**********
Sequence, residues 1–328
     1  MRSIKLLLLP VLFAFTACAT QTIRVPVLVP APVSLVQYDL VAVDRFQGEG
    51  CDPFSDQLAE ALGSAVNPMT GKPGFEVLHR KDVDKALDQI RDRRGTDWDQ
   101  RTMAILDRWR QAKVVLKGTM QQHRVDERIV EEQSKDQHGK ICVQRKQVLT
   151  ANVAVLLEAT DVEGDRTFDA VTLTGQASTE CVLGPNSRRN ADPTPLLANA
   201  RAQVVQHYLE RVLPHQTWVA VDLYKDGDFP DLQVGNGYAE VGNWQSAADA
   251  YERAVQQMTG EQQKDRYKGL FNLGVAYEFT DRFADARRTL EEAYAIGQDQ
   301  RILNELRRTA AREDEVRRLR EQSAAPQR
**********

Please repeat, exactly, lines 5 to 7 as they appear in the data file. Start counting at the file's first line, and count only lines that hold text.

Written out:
   151  ANVAVLLEAT DVEGDRTFDA VTLTGQASTE CVLGPNSRRN ADPTPLLANA
   201  RAQVVQHYLE RVLPHQTWVA VDLYKDGDFP DLQVGNGYAE VGNWQSAADA
   251  YERAVQQMTG EQQKDRYKGL FNLGVAYEFT DRFADARRTL EEAYAIGQDQ